China’s Ag Purchases in 2023
We recently explored whether higher prices or additional quantities drove China’s 2022 record purchases of U.S. ag products. For this Weekly Insights article, we are reviewing the most recent monthly data of 2023 activity.
China purchased $16b worth of U.S. ag products through July for the 2023 calendar year (Figure 1). For context, activity during the first seven months was higher in 2022 ($19.8b) and 2021 ($17.5b). Figure 1 is also a reminder of the seasonality of China’s ag purchases. Non-soybean purchases, which accounted for 56% of total trade in 2022, are pretty consistent from month to month. However, 56% of soybean purchases typically occur between October and December. Another 24% occurs between January and February.
Corn, Soybeans, and Beef
Three specific commodities – corn, soybean, and beef – have captured attention in recent years. Soybeans are always relevant as they account for nearly half of the value of ag exports to China and because U.S. soybeans rely heavily on trade.
Figure 2 shows China’s cumulative purchases of U.S. soybeans. After a solid start, China has purchased 11.4 million metric tons of U.S. soybeans during the 2023 calendar year, the highest activity going back to 2016. We previously noted that bushels of soybeans exported to China in recent years had lagged 2016 and 2017 levels. It’s unclear how 2023 activity will end the year, but China could be on pace to set a new volume record.
After great fanfare and enthusiasm in recent years, U.S. corn exports to China have slowed in 2023. In fact, activity seems to have stalled since May.
In 2022, China’s monthly activity averaged 1.6 million metric tons per month between January and July. In 2023, activity has averaged just 569,000 metric tons per month, roughly one-third of last year’s pace.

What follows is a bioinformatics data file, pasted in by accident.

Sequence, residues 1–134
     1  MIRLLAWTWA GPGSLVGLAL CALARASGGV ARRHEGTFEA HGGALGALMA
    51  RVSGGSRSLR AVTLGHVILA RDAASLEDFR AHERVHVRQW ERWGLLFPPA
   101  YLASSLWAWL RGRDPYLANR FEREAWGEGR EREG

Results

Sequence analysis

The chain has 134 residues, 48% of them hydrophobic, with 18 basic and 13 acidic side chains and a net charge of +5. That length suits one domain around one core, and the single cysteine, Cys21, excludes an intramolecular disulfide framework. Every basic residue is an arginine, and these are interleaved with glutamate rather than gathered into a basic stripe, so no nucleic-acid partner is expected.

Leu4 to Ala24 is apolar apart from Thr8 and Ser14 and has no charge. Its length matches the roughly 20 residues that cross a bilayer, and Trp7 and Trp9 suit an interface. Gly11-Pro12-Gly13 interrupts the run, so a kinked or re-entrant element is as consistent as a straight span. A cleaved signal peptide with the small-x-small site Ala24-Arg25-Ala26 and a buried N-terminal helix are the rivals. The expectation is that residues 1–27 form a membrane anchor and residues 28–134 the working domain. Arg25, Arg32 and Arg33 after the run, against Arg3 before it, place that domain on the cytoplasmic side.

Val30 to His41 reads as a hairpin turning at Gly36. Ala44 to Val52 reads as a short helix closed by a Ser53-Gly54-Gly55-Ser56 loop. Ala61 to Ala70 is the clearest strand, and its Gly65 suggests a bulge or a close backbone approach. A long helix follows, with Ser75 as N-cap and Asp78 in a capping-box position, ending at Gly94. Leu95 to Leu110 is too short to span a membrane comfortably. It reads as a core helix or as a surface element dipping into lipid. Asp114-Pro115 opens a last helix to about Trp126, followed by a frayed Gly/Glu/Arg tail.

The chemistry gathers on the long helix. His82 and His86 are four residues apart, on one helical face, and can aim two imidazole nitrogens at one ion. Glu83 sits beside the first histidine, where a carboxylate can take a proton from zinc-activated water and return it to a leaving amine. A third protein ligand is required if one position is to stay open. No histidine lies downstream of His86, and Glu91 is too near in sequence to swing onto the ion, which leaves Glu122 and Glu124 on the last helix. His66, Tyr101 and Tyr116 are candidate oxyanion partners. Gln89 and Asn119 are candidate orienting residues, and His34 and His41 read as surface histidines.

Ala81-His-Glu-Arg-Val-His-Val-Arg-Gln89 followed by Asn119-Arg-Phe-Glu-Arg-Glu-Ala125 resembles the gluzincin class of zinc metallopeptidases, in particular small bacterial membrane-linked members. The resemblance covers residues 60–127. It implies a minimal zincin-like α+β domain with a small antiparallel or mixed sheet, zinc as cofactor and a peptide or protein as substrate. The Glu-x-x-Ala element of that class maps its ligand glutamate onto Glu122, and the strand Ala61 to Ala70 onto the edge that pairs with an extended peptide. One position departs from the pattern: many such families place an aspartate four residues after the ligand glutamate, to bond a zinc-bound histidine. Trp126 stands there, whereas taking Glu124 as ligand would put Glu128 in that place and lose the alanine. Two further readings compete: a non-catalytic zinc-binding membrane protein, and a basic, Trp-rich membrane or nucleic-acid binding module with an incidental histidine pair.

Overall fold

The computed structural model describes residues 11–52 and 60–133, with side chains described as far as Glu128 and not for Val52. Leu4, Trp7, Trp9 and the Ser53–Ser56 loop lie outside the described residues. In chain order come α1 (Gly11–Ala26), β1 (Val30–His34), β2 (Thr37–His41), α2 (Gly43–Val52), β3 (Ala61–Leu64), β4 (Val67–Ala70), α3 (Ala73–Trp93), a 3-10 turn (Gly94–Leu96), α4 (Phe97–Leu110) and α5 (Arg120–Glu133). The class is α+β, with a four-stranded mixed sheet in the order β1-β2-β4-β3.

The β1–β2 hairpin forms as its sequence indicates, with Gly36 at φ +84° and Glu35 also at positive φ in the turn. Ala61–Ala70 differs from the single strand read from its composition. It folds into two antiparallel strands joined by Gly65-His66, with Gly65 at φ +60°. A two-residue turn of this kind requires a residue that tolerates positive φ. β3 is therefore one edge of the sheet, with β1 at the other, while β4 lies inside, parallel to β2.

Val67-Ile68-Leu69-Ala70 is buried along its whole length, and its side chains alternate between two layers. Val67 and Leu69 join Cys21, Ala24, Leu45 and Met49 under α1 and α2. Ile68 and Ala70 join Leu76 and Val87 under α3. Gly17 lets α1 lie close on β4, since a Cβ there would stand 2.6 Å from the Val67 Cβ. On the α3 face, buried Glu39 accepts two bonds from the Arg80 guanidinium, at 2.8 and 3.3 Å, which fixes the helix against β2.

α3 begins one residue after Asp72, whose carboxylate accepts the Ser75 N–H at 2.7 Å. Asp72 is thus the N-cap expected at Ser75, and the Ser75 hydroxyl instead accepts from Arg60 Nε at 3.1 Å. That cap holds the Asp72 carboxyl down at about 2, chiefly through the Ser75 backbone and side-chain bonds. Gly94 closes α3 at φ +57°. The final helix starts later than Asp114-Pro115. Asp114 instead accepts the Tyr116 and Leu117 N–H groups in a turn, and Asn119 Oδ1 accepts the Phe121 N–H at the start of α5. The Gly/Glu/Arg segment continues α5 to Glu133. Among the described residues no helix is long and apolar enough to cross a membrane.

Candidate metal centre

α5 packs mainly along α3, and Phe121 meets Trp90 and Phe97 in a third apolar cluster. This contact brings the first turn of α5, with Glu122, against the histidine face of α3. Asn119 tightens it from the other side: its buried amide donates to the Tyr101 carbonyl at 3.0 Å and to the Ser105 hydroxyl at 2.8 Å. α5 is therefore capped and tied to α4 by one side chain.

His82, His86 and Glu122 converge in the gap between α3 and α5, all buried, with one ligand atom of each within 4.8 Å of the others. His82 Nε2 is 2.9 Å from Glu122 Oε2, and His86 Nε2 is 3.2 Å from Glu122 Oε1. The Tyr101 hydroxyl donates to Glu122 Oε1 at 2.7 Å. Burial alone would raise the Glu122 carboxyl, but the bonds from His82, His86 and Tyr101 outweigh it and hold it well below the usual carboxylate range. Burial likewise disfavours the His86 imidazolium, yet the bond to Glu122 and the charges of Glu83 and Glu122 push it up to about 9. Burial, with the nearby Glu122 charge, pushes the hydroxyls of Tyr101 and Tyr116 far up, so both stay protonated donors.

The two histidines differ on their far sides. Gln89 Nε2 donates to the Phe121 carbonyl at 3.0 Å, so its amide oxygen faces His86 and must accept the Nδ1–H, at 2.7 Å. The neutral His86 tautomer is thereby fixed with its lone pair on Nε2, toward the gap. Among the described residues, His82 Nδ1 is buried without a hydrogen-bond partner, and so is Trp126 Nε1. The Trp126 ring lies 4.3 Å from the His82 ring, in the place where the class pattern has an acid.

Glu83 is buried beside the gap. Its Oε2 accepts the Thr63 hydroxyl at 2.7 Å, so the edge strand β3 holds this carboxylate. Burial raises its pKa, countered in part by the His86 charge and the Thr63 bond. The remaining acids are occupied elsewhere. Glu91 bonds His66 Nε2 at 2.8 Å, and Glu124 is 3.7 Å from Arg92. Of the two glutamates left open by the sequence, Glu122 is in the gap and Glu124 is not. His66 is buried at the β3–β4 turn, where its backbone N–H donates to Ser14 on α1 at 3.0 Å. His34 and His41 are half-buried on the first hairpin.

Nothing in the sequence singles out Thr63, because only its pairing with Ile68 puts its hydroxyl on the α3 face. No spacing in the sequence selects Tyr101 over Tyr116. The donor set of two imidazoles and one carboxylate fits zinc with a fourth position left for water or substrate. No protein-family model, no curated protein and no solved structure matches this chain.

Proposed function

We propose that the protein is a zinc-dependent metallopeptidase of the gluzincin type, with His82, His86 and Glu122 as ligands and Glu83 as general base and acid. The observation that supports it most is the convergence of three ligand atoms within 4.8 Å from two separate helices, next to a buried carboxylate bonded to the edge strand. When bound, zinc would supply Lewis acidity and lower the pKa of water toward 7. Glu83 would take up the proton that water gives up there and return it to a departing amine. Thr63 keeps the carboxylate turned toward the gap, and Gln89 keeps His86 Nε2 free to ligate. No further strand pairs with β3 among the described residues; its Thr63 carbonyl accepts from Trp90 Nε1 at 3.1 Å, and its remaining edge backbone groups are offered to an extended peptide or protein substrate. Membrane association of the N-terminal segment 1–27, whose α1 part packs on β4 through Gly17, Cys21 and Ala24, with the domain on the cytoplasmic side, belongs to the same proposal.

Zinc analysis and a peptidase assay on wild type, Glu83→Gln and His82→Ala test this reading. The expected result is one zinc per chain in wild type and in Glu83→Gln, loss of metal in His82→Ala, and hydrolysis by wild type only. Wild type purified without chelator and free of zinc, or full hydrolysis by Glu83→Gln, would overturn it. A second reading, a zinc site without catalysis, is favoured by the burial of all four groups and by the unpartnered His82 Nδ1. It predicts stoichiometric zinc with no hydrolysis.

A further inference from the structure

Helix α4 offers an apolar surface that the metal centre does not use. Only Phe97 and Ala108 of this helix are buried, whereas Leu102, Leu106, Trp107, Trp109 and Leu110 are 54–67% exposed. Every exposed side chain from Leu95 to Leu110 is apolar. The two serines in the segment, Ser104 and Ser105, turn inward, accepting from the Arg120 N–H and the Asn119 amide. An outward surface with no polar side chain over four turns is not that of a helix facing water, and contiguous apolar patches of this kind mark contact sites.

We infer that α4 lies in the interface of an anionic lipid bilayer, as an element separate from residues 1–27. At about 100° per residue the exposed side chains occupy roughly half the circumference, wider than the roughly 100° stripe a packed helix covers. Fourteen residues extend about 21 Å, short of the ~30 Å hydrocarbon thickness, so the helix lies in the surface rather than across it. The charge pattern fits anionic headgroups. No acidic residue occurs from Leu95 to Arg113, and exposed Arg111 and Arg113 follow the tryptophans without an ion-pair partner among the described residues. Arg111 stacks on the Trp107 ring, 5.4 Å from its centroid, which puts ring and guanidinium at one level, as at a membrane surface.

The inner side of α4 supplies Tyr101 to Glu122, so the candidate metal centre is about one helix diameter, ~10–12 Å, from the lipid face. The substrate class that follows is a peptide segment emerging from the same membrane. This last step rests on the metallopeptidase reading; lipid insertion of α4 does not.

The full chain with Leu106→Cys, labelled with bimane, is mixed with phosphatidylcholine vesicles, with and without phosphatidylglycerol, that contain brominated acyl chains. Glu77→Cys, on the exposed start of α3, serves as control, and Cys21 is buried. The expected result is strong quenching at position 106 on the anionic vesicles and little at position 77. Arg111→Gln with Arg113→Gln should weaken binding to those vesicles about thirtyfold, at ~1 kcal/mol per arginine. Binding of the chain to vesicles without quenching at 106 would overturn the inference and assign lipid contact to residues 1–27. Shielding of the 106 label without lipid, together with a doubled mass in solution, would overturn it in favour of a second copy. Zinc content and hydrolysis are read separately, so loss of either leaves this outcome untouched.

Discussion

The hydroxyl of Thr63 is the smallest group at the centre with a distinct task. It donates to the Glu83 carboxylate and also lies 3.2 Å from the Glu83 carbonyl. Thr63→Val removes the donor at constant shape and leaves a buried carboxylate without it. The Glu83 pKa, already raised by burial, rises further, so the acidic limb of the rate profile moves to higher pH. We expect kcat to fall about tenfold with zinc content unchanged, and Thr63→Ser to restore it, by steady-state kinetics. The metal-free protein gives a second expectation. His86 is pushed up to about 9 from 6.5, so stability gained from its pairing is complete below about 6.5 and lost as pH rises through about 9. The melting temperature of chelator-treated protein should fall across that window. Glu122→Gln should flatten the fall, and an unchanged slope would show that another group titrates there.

While U.S. corn exports to China haven’t been as aggressive in 2023 as observed in late 2020, 2021, or 2022, activity remains considerably higher than pre-2020 levels. The 3.98 million metric tons of corn exported through July is more than double all of the corn exported to China from 2016 through 2019.
Finally, U.S. beef exports to China remain strong (Figure 3). Like corn, China started making new beef purchases in late 2020. While the pace is slower than in 2022 (144,000 metric tons through July 2022 versus 115,000 metric tons through July 2023), China appears to be settling in as a consistent buyer of U.S. beef.
Wrapping It Up
Given the seasonality, the last half of the calendar year always generates uncertainty around China’s purchases. This year, the relevant questions are: 1) how strong fourth-quarter soybean sales will be? And 2) if corn purchases will meaningfully resume.
Overall, activity through July combined with the historic seasonality suggests an annual pace of $35b in 2023. Those levels are consistent with 2021 activity but behind the $40.8b worth of ag purchases made in 2022.